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  • Dual homodyne detection system for measuring asymmetric spectra in the far‐infrared regime

    Page(s): 560 - 565
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    A dual homodyne detection system for measuring scattered radiation from plasmas has been fabricated. The system is operative in the far‐infrared regime, and with it the power spectral distribution of the scattered radiation in the upper and lower sidebands with respect to the frequency of the incident wave can be obtained. Theory of operation and experimental results for simulated radiation fields are given. View full abstract»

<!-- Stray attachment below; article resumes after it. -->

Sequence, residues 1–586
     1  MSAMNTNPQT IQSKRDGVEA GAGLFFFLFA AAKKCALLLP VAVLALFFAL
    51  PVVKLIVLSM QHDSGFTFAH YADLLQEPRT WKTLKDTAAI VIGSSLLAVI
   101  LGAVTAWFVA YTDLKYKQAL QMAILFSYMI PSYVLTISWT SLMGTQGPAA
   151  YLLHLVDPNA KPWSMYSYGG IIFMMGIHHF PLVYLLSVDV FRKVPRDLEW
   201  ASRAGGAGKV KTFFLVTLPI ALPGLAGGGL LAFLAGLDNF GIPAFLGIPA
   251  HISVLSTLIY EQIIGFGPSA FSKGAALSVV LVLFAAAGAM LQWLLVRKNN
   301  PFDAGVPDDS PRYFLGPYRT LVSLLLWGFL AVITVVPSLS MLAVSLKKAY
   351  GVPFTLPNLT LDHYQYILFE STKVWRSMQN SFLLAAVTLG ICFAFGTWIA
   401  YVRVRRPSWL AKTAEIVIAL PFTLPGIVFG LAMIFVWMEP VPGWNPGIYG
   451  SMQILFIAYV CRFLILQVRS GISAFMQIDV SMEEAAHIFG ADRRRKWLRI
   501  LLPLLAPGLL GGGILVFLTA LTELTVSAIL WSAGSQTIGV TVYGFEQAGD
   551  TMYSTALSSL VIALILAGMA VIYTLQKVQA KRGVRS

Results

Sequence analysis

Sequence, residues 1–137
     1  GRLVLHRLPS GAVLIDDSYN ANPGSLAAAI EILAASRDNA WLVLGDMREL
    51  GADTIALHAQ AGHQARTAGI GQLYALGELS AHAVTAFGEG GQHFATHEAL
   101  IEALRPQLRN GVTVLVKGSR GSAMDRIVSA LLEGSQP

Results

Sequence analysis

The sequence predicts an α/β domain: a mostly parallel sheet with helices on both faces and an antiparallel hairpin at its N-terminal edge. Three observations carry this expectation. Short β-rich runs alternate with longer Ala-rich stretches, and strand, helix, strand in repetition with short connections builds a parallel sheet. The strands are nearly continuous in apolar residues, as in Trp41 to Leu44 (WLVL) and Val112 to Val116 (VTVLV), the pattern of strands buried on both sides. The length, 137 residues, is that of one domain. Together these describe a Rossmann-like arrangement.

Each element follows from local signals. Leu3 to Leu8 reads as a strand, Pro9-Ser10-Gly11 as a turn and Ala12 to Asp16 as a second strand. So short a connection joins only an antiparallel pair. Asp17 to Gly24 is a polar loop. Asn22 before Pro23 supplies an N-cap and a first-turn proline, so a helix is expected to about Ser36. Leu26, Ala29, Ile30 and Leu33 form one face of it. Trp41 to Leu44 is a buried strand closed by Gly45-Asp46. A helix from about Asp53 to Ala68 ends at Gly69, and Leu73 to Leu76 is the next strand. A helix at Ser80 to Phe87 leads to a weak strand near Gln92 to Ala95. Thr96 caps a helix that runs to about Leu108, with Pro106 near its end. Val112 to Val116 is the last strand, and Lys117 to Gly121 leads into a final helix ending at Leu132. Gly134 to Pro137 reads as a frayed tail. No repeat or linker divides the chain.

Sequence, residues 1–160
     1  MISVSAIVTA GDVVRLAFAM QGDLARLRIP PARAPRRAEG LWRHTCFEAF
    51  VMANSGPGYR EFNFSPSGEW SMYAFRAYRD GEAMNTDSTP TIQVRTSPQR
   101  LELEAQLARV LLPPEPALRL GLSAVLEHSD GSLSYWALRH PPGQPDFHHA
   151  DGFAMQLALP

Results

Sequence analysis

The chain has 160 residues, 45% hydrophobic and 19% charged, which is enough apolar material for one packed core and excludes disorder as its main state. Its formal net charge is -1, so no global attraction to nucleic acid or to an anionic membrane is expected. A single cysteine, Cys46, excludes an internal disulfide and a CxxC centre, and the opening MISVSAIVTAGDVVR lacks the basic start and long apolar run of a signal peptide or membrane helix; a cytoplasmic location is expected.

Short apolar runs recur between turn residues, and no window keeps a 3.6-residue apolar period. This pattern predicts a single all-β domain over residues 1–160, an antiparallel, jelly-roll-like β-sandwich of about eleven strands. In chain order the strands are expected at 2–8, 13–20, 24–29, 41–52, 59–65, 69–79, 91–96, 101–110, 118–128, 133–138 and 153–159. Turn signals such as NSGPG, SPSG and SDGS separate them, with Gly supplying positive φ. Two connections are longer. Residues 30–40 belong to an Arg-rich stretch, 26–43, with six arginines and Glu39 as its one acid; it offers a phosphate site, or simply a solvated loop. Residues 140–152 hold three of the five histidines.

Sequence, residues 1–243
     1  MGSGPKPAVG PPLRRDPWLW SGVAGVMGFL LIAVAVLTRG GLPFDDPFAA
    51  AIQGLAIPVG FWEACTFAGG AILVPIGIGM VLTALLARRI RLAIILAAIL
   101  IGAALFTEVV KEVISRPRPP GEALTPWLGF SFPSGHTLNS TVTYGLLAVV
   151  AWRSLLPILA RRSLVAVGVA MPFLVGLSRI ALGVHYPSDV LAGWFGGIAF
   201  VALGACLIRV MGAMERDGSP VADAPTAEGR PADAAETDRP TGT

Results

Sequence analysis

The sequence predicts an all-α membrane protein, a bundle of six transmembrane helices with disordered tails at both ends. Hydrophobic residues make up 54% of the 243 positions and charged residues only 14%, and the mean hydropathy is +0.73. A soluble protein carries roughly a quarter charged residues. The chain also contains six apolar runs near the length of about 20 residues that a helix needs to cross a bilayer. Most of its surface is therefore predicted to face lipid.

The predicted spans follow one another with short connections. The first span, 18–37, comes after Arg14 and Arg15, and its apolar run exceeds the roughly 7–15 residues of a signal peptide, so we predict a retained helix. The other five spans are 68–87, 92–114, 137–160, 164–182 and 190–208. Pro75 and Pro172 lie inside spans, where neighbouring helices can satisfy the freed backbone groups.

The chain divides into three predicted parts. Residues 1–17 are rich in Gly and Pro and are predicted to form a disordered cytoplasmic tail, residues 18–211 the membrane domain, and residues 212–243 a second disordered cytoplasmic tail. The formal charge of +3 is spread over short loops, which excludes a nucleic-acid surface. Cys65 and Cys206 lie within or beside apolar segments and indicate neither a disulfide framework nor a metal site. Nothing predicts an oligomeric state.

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  • New method of observing nonlinear waves in a plasma

    Page(s): 566 - 571
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    A new method for observing a nonlinear wave is proposed and illustrated with sample measurements. Observations are performed by using the time‐of‐flight method by counting the temporal upper hybrid wave packets which pass through the gap between two antennae. Two types of nonlinear waves were found in the experiment. One is outlined in the Korteweg de Vries equation by its behavior through the dispersion relation and the other behaves as a shock wave which represents the relaxing oscillation. The method of observation and the characteristics of the nonlinear waves are discussed circumstantially. View full abstract»

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  • Integrated development facility for the calibration of low‐energy charged particle flight instrumentation

    Page(s): 572 - 582